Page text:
The healthmatters blog; commentary, observation and review
International leaders in patient experience measurement and data capture for healthcare improvement, umotif and the Picker Institute, have partnered to create an innovative new healthcare product. The digital platform supports patients to better manage their own care – used effectively it has the potential for reducing hospital readmissions rates and improving emergency services in the process.
The light-touch tool, has been designed for patients to use post-discharge, independently and with minimal clinician guidance or involvement.
Following a simple invite and registration process, patients are empowered to track their own care experience, including everything from symptoms, recommended treatments, medication schedules and even a photo and text led progress diary.
Having access to this library of data captured, supports patient confidence, and encourages people to ask more questions about their care journey. During follow-up treatment, it enables transparency and open communication between patients and healthcare staff. Preventing any confusion around medication instructions and enhancing the potential for shared-decision making.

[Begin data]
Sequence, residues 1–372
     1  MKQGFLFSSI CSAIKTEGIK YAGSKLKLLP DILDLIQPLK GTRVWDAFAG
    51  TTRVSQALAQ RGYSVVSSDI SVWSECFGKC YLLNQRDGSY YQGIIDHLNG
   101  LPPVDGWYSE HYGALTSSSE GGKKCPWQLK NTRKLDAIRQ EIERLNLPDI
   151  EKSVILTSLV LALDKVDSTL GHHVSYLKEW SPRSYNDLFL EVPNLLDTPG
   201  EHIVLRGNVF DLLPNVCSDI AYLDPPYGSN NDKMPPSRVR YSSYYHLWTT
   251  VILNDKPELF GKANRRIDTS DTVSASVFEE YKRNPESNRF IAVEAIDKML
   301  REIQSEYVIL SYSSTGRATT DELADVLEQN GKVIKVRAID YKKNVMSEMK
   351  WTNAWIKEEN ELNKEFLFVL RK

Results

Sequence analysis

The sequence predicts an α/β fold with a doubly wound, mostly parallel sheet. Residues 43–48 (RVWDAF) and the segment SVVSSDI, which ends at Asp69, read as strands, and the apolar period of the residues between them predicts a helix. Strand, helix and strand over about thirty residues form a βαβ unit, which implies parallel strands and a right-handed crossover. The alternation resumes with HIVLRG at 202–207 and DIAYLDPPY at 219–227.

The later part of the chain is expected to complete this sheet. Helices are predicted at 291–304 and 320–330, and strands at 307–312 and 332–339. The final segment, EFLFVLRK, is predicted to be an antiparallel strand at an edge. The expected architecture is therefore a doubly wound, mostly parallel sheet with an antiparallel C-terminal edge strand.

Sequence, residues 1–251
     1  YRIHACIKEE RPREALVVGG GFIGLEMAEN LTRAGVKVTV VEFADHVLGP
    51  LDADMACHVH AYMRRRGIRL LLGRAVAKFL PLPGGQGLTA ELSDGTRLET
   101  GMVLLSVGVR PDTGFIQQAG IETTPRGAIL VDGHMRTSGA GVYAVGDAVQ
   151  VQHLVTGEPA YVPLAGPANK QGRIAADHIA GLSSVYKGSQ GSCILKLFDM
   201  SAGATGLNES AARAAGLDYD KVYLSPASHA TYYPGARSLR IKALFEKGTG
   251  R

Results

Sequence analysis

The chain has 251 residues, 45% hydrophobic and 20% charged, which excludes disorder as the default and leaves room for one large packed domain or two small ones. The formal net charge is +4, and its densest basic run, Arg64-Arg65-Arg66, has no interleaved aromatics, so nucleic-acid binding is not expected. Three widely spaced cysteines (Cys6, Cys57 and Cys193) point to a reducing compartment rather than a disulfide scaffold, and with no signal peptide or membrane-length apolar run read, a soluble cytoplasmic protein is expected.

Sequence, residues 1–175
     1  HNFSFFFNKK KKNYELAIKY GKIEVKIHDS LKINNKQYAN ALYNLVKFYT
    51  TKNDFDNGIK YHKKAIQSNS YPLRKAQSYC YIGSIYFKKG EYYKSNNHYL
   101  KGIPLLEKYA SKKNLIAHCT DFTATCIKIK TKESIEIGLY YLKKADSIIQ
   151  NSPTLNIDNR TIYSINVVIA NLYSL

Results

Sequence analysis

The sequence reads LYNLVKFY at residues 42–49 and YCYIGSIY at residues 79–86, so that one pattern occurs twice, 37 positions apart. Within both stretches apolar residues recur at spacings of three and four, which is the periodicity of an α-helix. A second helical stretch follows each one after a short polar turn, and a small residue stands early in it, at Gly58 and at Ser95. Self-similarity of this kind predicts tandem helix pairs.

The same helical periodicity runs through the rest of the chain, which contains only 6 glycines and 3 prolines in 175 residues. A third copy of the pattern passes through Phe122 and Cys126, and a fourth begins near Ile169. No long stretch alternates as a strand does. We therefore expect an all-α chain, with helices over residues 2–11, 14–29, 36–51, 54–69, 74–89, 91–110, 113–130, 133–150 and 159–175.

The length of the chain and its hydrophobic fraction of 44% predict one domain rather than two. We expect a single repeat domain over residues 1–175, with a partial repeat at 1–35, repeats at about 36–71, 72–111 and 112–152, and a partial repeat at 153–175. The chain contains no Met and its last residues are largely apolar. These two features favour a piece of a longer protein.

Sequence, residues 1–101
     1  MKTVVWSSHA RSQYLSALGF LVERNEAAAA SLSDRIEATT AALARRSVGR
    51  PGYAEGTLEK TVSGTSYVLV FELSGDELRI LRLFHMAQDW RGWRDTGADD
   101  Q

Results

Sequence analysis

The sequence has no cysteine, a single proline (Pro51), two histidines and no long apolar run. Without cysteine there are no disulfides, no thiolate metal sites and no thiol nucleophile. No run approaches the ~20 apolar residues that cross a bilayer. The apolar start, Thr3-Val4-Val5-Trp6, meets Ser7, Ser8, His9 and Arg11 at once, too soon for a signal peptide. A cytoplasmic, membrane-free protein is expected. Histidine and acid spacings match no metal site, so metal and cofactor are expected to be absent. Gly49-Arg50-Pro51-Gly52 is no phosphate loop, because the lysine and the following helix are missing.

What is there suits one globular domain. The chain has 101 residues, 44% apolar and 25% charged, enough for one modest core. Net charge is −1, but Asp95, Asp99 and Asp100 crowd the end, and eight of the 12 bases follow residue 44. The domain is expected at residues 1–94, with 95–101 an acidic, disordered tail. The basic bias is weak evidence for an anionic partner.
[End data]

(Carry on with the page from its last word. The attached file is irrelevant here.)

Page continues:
In addition to the patient empowerment benefits, questions designed by the Picker Institute, who are leaders in feedback tool development and measurement, allow healthcare teams to specifically ask patient experience related questions. This data can then be downloaded and collated into digestible reports, and channelled into future service improvements.
Highlighting the value of the collaboration, Philip Stylianides, Group Director at the Picker Institute said; “If you consider that 41% of people were not told key medication side effects, when discharged*, you can begin to see why avoidable emergency hospital readmissions are costing the NHS an astounding £1.6 billion per year* and rising. Understanding someone’s patient experience is essential for teams’ to learn the strengths and weaknesses of the care they provide. umotif are leaders in healthcare data capture, who share our passion for improving care quality and we are delighted to be working with them on this opportunity.”